Local artist to take on White Ribbon residency at Whanganui Hospital


13 November 2018

A live art display at Whanganui Hospital later this month will be the centrepiece of Whanganui DHB’s effort to support this year’s White Ribbon campaign.

The White Ribbon movement aims to actively engage the community, and particularly men, in the effort to stop violence towards women and children.

Local artist Dan Mills will set up inside the hospital’s Main Entrance foyer on the morning of Friday 23 November, to create an artwork based on the White Ribbon kaupapa (theme). In addition, 3000 white ribbons have been ordered and a roster of male staff members will be distributing them to hospital visitors on the day.

The art display has been organised by WDHB’s Child Youth Mortality Review Committee regional co-ordinator Terry Sarten, who says the live art work will embrace the focus of this year’s campaign which is encouraging people to actively engage with the White Ribbon kaupapa.

“There will be live updates on the WDHB Facebook page as Dan works on the large canvas so staff and the wider community can follow its progress as it emerges,” Mr Sarten says. “We hope staff and the public will stop by, talk to the White Ribbon team and check out Dan’s artwork as it gradually develops into its finished form.”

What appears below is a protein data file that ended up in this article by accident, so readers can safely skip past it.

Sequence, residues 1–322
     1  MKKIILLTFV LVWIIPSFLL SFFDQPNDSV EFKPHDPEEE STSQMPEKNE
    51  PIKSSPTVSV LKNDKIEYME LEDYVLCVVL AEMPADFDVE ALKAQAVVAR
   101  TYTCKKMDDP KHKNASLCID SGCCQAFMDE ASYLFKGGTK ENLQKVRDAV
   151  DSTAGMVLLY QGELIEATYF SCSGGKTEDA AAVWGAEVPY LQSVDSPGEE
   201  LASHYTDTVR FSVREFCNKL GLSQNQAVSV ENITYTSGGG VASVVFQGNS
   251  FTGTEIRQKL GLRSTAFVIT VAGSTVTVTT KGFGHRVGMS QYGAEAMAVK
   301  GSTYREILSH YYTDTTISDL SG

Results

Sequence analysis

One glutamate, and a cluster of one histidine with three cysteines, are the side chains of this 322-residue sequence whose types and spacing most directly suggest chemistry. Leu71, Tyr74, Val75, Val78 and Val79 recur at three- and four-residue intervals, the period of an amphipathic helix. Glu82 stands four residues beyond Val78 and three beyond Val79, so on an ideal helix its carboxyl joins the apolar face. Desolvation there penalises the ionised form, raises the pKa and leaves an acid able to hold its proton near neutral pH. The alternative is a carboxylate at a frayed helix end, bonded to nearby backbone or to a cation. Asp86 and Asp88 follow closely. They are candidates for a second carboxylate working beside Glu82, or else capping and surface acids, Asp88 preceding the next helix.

Mr Mills is donating his time and talent for the project with local businesses Meteor Office Products Depot and Philp-Wrights providing funding to cover the cost of art materials.

Mr Sarten says physical violence, as well as emotional and psychological abuse, does enormous damage to children and women and it has long term consequences.

“Men in our community can change that by challenging their mates, uncles, grandfathers, fathers and sons to act when they are aware of abusive behaviour,” he says. “They can play a crucial role in changing families, workplaces and communities.”

Also on display at the hospital’s front entrance, as it has for past White Ribbon events, will be the waka used for WDHB’s employee cultural awareness programme. The presence of the waka represents the kotahitanga and collaboration shown by community groups in support of the White Ribbon kaupapa. Later in the morning, the waka will be taken to the annual White Ribbon march in the city centre.

The White Ribbon march begins at 12 noon, starting at the corner of St Hill Street and Taupo Quay (opposite Trafalgar Square) before heading up Victoria Avenue.

The live art display will also wrap up shortly before midday, so members of the public and staff who are available can head along to the march. Whanganui DHB is also supporting a ‘Community Korero’ hui at Te Ao Hou Marae, Aramoho on Tuesday 20 November. The hui is aimed at developing actions to prevent violence towards wahine and tamariki. The meeting starts at 7pm, with interested members of the public encouraged to attend.

For more information about White Ribbon, visit: whiteribbon.org.nz